At JJ there was no holding onto anything, because everything was a cactus. The loose rocks, which hadn't bothered me at all before, bothered me quite a bit. Every step was excruciating. There was no relief. The ache turned into searing pain. As we made the final descent to headquarters, I was walking at about a 25 to 30 minute pace. I stopped and sat down several times, desperate to get off my feet. I never expected pain like this. I've had three very large babies, one of them with no drugs, but it was nothing compared to this.
Runners headed out for their 5th or 7th loop passed me HEY YOU'RE LOOKING AWESOME!! as they went by.
The pain worked its way into my lower back. I was so pissed - I wasn't too tired to run. I wasn't too breathless to run. But my feet were too worn out to continue. If it had been anything but the pain, Courtney could have kept me going. They all could have. But the cumulative pain of everything in me from the waist down was too much.
About a mile from Jeadquarters, Dread Pirate came out with another guy, Mike, and walked in with me. She talked me into taking a gel, and some water. On this loop, I had had 2 PBJ sandwiches, 3 cups of Ramen, 2 cups of iced coca-cola, some sports beans, several enduralytes, some sport legs, and 64 ounces of Gatorade, but the last I'd eaten was at the last aid station. I was moving so slowly and having stomach cramps, so what was the point in eating?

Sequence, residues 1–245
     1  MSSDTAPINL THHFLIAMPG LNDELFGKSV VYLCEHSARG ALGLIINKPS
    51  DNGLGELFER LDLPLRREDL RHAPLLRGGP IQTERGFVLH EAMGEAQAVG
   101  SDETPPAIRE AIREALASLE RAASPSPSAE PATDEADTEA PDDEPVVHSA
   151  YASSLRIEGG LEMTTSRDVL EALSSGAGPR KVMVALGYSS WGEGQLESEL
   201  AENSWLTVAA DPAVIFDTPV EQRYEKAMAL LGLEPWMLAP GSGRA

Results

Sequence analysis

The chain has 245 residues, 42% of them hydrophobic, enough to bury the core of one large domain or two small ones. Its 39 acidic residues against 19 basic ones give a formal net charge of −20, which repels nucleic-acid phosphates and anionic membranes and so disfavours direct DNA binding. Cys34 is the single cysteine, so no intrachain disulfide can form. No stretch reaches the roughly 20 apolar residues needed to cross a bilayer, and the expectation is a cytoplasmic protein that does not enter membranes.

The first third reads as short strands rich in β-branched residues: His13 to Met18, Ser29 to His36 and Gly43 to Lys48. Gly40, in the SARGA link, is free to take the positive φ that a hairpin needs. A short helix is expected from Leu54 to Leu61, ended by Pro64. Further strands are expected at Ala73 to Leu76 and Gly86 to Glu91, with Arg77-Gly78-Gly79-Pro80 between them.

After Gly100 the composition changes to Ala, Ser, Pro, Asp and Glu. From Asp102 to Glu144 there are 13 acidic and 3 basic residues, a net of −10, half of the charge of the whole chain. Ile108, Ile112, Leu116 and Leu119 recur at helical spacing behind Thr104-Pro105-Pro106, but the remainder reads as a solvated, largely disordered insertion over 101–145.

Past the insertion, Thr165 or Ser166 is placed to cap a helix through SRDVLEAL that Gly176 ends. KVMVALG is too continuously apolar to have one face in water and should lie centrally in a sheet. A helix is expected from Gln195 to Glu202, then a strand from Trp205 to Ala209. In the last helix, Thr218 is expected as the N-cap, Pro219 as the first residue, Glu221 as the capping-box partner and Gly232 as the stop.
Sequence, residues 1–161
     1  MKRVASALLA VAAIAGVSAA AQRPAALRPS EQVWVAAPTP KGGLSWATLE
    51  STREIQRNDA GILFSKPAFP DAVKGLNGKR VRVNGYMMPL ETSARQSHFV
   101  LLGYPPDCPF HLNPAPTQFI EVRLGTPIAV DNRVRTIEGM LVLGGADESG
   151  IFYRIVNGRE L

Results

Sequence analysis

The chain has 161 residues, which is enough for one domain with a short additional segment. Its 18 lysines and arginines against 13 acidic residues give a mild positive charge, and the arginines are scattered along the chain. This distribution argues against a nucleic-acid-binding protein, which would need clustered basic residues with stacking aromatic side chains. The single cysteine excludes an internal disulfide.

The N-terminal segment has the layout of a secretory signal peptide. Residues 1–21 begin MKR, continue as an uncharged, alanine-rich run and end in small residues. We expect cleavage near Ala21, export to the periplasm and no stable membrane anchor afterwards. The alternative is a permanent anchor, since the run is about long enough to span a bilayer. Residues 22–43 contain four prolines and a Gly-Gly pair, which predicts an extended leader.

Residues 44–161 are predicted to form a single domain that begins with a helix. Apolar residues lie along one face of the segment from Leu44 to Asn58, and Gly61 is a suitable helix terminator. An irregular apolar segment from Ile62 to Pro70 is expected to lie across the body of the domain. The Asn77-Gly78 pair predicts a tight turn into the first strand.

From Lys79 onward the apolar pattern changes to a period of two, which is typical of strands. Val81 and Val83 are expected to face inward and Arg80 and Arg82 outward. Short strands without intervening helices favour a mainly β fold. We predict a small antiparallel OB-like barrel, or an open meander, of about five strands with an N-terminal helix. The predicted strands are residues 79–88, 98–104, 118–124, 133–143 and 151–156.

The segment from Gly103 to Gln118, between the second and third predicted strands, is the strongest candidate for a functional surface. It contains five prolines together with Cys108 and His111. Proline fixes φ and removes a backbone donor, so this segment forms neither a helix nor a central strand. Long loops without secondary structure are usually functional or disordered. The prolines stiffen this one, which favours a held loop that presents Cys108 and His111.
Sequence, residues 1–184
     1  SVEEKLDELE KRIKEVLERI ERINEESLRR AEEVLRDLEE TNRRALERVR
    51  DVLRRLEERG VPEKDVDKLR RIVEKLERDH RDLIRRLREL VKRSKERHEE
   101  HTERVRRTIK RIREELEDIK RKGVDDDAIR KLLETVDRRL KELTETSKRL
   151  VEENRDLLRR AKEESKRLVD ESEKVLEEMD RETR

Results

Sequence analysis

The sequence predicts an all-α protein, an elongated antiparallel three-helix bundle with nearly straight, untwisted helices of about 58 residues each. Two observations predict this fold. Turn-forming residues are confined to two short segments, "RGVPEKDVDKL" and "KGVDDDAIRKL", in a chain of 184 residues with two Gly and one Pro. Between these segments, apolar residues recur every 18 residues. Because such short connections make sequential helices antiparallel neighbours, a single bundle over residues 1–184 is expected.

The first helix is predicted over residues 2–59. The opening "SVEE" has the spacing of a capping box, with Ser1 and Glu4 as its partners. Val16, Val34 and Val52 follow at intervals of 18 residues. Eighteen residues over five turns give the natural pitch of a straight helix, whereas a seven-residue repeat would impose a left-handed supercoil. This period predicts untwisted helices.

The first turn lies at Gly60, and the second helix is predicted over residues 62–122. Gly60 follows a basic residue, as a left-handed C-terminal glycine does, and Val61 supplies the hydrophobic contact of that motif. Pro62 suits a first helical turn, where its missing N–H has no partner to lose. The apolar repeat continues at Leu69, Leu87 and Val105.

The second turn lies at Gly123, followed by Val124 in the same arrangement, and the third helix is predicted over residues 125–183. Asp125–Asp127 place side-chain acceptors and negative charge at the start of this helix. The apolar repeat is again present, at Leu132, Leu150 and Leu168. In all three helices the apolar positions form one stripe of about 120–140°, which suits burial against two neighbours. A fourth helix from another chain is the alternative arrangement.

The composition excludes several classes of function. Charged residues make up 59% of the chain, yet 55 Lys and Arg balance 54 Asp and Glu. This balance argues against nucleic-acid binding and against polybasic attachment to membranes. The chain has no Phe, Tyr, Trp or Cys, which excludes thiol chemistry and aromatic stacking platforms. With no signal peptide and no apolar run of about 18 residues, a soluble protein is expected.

|This picture was taken the next day, when|
most of the swelling had gone down.
Dread Pirate, SWTriGirl, Courtney and Andy hovered around me, trying to get me to eat, putting warm clothes on me, because I was cold and in pain, and started shaking. SWTriGirl brought me pizza, and THAT I would eat. I was just sick of sweet stuff. They brought me water. Andy started taking off my shoes and leg sleeves, and when he gripped my right ankle, I yelled.
My ankle looked like a doorknob had been shoved under my skin. I'd never seen it so swollen, even after I turned it. In fact, both my feet were swelling.